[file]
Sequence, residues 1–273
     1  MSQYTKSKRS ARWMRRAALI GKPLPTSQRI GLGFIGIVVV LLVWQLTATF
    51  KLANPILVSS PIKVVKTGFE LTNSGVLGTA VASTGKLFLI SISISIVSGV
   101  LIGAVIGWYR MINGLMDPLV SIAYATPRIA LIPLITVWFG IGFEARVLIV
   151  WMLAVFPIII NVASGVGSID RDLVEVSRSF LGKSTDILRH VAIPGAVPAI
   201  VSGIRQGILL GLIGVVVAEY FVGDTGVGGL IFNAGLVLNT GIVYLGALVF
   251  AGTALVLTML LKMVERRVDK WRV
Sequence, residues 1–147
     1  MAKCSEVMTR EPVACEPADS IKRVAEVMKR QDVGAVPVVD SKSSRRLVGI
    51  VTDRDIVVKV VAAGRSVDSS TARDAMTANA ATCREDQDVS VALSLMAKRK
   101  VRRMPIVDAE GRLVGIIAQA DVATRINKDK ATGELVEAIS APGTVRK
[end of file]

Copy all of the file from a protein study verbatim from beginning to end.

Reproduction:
Sequence, residues 1–273
     1  MSQYTKSKRS ARWMRRAALI GKPLPTSQRI GLGFIGIVVV LLVWQLTATF
    51  KLANPILVSS PIKVVKTGFE LTNSGVLGTA VASTGKLFLI SISISIVSGV
   101  LIGAVIGWYR MINGLMDPLV SIAYATPRIA LIPLITVWFG IGFEARVLIV
   151  WMLAVFPIII NVASGVGSID RDLVEVSRSF LGKSTDILRH VAIPGAVPAI
   201  VSGIRQGILL GLIGVVVAEY FVGDTGVGGL IFNAGLVLNT GIVYLGALVF
   251  AGTALVLTML LKMVERRVDK WRV
Sequence, residues 1–147
     1  MAKCSEVMTR EPVACEPADS IKRVAEVMKR QDVGAVPVVD SKSSRRLVGI
    51  VTDRDIVVKV VAAGRSVDSS TARDAMTANA ATCREDQDVS VALSLMAKRK
   101  VRRMPIVDAE GRLVGIIAQA DVATRINKDK ATGELVEAIS APGTVRK